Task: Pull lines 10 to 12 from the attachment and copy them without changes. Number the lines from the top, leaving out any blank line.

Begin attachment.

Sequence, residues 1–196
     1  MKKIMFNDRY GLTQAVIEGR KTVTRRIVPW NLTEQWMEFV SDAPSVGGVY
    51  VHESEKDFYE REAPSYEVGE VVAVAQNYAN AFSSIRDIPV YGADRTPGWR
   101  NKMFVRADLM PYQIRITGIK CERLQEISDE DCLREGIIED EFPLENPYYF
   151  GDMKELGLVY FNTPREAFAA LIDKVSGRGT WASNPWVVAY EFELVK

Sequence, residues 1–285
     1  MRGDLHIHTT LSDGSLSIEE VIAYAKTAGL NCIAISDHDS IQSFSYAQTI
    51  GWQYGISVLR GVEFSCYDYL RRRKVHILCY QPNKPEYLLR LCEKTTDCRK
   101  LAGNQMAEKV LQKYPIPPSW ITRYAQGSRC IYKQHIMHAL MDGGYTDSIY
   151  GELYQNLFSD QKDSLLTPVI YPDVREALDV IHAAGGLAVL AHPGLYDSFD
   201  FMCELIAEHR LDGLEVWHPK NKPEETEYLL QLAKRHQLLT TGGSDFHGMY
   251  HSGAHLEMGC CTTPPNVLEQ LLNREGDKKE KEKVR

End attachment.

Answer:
   151  GELYQNLFSD QKDSLLTPVI YPDVREALDV IHAAGGLAVL AHPGLYDSFD
   201  FMCELIAEHR LDGLEVWHPK NKPEETEYLL QLAKRHQLLT TGGSDFHGMY
   251  HSGAHLEMGC CTTPPNVLEQ LLNREGDKKE KEKVR